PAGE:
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Distinguished Educators
17
SEP
2013

Let’s Create using virtual pottery!

greek vase

Let's create pottery
 
There are two versions of Let’s Create Pottery avaliable – this link is for the full app.
 
 
 
 
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And this is the free app, which is a great place to start. If you just want to explore the concept of a throwing a pot on a wheel or turn some simple pots, photographing them as a screenshot to use as prototypes, this version has all you’ll need.
 
 

Making digital vessels on your iPad?

Yes, you can create clay vases on a wheel using your iPad…and it is great! ‘Let’s Create Pottery HD’ is a wonderful tool to support teaching and learning in your classroom.

Firstly, let me assure you that using the iPad in a creative workflow in my classroom is not about ‘getting rid of clay’.  Art teachers know how valuable those ‘hands-on making’ experiences can be for our students as they grapple with this challenging medium and the multi-step process of building a large-scale object from the ground up.

The Pottery app has immense value in the classroom for other reasons.

Although the process is ‘virtual’, and the tactile quality of the wet clay is missing, for many students this is as close as they will get to throwing a pot on a wheel. The app provides an entry point to explore a technique many art classrooms simply cannot provide.  If students use the app in conjunction with slab or coil construction techniques,  they can compare and contrast building methods, moving seamlessly between activities that incorporate historical perspectives and diverse art-making practices.
 
 

 

In the classroom…

Using the Pottery HD to work through the initial design process can be an alternative to sketching during the design process. Teachers can give feedback on ideas and students can easily make adjustments to their design before creation. Often students are more receptive to critique using this kind of digital medium, as alterations are easily made. For example, bases can be widened after discussions about support and structure. Students can manipulate the form and explore the possibilities with enough realism to explore balance, proportion, etc on their iPads, rather than a drawing.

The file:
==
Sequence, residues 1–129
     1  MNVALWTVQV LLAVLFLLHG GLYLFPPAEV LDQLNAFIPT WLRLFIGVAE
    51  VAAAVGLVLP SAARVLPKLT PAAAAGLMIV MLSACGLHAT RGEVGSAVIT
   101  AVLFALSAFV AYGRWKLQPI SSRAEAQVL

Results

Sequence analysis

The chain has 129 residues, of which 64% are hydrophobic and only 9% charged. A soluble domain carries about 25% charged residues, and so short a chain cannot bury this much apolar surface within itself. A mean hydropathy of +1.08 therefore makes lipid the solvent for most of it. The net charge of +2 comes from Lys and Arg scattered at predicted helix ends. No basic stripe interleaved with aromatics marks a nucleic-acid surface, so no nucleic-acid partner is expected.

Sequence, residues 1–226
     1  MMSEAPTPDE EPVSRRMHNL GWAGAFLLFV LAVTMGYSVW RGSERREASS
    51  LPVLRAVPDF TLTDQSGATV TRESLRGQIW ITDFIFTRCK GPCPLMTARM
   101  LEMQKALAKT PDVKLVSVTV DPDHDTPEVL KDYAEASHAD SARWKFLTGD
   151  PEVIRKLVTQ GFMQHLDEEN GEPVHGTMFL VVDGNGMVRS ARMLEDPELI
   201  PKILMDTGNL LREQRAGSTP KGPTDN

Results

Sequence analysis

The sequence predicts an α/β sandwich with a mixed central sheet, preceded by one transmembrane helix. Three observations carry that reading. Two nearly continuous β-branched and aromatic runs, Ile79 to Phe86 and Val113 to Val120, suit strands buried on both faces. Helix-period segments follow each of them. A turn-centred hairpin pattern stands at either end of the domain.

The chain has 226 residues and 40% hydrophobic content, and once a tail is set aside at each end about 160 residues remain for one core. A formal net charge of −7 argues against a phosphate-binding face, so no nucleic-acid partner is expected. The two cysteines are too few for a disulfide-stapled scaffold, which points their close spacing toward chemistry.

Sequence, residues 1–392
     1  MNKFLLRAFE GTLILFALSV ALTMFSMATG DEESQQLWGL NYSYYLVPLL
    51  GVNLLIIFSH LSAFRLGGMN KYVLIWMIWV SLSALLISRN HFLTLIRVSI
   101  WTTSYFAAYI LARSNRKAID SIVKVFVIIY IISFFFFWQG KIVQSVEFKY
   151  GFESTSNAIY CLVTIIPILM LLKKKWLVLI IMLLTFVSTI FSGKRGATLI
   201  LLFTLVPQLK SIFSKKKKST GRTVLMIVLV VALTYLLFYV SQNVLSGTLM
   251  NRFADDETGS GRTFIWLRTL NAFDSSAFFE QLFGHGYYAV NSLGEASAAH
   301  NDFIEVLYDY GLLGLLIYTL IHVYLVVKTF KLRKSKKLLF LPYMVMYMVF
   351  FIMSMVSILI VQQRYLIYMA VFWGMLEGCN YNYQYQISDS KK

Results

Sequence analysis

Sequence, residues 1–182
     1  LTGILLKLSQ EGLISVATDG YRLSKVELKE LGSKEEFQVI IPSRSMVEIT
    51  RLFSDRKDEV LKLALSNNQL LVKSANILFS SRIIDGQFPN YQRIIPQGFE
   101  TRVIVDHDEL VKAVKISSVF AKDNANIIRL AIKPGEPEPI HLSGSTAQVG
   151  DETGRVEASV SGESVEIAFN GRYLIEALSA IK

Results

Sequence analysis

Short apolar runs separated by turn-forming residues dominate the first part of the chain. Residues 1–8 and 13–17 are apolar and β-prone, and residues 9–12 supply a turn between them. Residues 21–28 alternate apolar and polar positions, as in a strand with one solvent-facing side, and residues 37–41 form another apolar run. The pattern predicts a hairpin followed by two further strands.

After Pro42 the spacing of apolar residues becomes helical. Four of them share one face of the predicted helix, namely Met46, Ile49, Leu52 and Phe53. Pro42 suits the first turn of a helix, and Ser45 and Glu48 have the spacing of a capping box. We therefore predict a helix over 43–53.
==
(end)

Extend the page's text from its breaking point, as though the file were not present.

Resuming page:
By taking a screen shot of the undecorated vase shapes they can go further. The images can be printed out and the decorative elements added by drawing over the top. Alternatively, stay digital and use drawing apps on the iPad to sketch.

Collage apps can be used to compile multiple images, for example a class set of investigations, a student folio of potential designs for a three-dimensional work, or a ‘design, progress and finished vase’ set as a record of learning.

Developing knowledge of vessel shapes (eg: kylix, amphora) can be undertaken in a hands-on and engaging way. As students use their hands to create vases, a level of understanding that only comes with deeply engaging with the form is evident. In most classrooms it just isn’t practical to create a variety of vessel shapes, but digitally a range of investigations can provide students with a collection of works for analysis. Drop the collections of images into a collage app and/or label them for a record of learning and a resources that can be used in further activities.

Greek vases in collage apps

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Explore other ways to use collage apps in this post.

About the Author
  1. Art teacher Karina Reply

    Love the colour effects app idea – over any photo of a sculpture this would be great during g designing because you can still see the work underneath. Great idea.

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We've worked with...

  • National Gallery of Australia
  • Australian Council of Art and Design University Schools
  • Association of Independent Schools NSW
  • International Society Technology in Education (ISTE), USA
  • iPadpalooza, USA
  • 21st Century Learning International
  • National Arts Education Association (NAEA), USA
  • TAFE Queensland
  • The Kellett School, Hong Kong
  • Queensland Art Teachers Association
  • Queensland University of Technology
  • Apple Consultants Network
  • Lutheran Education Australia
  • Brisbane Catholic Education
  • State Library Queensland
  • EduTECH
  • Teacher Training Australia
  • Lady Gowrie Childhood Education Queensland
  • Museum of Contemporary Art, Brisbane
  • Griffith University